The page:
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Gardening: Australasian charm lands in Muswell Hill

PUBLISHED: 18:01 13 August 2015 | UPDATED: 18:01 13 August 2015

Mona Abboud's open garden. Picture: Nigel Sutton

Mona Abboud's open garden. Picture: Nigel Sutton

© Nigel Sutton email pictures@nigelsuttonphotography.com

Ruth Pavey discovers an oasis of hot-weather plants in a musician’s “thought-provoking” Wood Vale garden

One cold wintry day, years ago, Mona Abboud and I went to Myddelton House for a guided, and protracted, garden walk. I felt at the time that this outing was not going down well with Mona, but what I didn’t know until now was quite how badly it was going… badly, coldly, enough for her to have developed a Permanent Horror of Snowdrops (Mona has an emphatic way of speaking). Badly, coldly enough that she has long dined out on the extremity (and Englishness) of this event.

I should have known better – Mona’s garden is in essence Mediterranean, and although her mother was Russian it would seem that her Lebanese father has had more influence over her feelings about temperature. Snow and ice are certainly not what spring to mind when you stand looking down at the first, most formal section of her Wood Vale garden, with its central fountain and well pruned trees and shrubs – the more likely associations are with pleasant shade from the hot sun, the scent of jasmine, the splashing of water, etc.

Mona is a musician as well as a gardener, but she feels that there is another calling she missed – that of a sculptor. She loves to think of the shapes the trees and shrubs are making, to prune them into becoming lighter, airier, more transparent than they might otherwise be. Her treatment of the strawberry tree, Arbutus unedo, in the first part of the garden is a case in point. She has also added a new element to surprise visitors when the garden is open for the National Gardens Scheme on Sunday August 16, following inspiration from Sue Whittington’s garden at Southwood Lodge, Highgate.

Sometime ago Mona was getting despondent about her planting, but then made a mental shift from the Mediterranean to Australasia, specifically, to New Zealand. She was already interested in corokias, but somehow the thought took hold that she could make a thing of them. She is now a National Collection Holder-in-Waiting.

In the lower part of the garden she is experimenting with a corokia hedge made up of the different species, C. buddlejoides. C. macrocarpa and C.cotoneaster, and some of the hybrids she has been collecting (of which there are more details on her website, monasgarden.co.uk).

In common with some other Wood Vale gardens, Mona’s follows an odd ground plan. It starts fairly wide and straight, then kinks into an extensive narrow section before broadening out at the end.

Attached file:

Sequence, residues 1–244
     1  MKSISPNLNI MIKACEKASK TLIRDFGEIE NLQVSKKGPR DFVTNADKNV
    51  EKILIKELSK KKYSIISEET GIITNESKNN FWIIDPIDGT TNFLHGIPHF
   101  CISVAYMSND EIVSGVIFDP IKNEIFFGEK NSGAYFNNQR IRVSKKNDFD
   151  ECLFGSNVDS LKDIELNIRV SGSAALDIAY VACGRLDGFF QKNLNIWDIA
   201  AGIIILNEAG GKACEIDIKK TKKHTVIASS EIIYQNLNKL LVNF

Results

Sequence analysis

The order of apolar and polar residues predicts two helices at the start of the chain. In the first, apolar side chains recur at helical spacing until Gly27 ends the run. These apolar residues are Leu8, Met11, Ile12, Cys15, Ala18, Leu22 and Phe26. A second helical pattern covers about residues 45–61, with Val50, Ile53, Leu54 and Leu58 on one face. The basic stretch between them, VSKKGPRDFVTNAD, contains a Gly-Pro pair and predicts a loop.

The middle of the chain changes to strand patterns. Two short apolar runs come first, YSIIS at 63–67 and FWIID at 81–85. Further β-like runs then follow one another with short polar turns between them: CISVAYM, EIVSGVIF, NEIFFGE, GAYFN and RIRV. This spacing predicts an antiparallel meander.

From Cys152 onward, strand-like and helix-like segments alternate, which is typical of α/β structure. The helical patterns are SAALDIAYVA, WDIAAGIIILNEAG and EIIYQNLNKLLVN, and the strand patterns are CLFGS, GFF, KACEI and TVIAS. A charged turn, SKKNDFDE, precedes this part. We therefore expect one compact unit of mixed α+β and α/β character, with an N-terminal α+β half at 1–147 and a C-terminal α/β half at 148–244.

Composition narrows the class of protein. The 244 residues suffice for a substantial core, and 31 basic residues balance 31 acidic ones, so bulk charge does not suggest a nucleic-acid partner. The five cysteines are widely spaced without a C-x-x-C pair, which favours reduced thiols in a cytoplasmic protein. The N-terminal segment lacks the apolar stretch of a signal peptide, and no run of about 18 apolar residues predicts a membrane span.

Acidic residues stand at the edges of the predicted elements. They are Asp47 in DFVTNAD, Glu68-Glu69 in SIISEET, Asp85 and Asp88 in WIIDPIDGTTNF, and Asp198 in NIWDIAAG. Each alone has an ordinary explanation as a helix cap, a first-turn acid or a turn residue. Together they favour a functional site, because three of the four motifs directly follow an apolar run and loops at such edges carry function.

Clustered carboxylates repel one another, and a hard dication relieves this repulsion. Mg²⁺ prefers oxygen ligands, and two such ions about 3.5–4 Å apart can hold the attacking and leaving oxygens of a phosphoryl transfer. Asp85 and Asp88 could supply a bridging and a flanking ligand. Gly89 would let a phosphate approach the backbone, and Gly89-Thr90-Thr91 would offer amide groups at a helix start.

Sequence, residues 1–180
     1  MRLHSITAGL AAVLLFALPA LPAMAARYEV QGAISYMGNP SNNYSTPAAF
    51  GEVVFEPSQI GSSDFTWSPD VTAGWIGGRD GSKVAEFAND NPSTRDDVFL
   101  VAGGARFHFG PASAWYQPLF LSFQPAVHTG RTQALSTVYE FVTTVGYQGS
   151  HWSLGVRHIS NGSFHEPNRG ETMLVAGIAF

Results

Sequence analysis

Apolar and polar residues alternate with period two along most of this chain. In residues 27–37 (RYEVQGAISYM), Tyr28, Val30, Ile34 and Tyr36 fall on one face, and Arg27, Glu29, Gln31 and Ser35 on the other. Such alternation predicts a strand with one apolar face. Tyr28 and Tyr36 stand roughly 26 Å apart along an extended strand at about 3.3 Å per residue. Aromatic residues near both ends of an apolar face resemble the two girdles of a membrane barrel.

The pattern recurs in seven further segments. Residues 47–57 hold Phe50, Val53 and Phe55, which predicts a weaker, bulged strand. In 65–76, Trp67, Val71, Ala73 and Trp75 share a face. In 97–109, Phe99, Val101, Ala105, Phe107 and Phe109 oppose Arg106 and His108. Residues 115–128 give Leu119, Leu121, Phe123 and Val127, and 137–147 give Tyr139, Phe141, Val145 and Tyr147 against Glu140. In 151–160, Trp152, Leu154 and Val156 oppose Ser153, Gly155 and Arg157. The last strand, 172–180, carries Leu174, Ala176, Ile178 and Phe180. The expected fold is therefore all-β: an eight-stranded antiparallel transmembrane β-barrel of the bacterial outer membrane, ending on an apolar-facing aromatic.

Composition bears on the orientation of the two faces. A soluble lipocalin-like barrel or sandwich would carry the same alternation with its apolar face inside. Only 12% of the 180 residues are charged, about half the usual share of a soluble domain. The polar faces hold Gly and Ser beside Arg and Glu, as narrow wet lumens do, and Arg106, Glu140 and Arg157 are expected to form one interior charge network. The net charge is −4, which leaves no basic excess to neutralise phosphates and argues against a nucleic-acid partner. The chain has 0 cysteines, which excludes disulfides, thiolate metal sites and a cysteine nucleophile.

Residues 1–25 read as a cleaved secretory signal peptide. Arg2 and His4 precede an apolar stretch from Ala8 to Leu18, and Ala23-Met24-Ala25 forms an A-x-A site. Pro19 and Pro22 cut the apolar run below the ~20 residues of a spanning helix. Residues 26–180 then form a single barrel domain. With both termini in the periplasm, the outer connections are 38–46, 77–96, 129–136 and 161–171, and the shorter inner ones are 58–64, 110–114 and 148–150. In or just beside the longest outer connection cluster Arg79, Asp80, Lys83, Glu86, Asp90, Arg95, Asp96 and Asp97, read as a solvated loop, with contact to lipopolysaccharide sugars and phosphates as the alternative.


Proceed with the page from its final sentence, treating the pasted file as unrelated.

The land gets wet further down, so is perfect for a bog garden, with rodgersias, equisetum, lysimachia, etc. The equisetum makes a showing further up as well, softening what used to be the stony look of the fountain. The middle part of the garden, very long and narrow, is a tricky space to fill. Mona felt she wanted more flow, something to soften the path, so she has constructed beds for herbaceous plants and grasses.

It was this new planting, new since we featured the garden six years ago, that I was invited to see. One of the eye-catching plants (although neither a grass nor herbaceous) is a small New Zealand conifer, Dacrydium cupressinum. It has a weeping habit, with tight little spiralling leaves of a good yellowish green (having looked it up, I now know that it should grow very tall, but not for a long while). However, this conifer is just one among many other unusual plants in this distinctive, thought-provoking garden, which is well worth seeing.

Mona Abboud’s garden at 33, Wood Vale, N10 3DJ will be open on Sunday, August 16. 2pm–5.30pm

Plant in focus

Several years ago, I was asked to choose perennials that would survive full sun, no care and all the attrition consistent with being at the entrance to a primary school.

Predictably, some of the lavenders, sages, photinias, grasses etc. have done better than others, but no plant has been such a success as Perovskia. When the outgoing premises manager, not known as a gardener, said that he would like to take a root of it home, and that he loves its flowers and the aromatic brush of its leaves, I knew that this was a plant to celebrate.

Perovskia, a sub shrub, is a native of Afghanistan and the Himalayas. It positively loves poor soil, so long as it is well drained (in London clay, adding gravel when planting is recommended). The bed in which this particular specimen has flourished and spread did supposedly have some good top soil to begin with, but has received very little nurture since. So… if you have a sunny ill-fed flowerbed, sit back and let Perovskia look lovely, smell great, attract bees and take care of itself.


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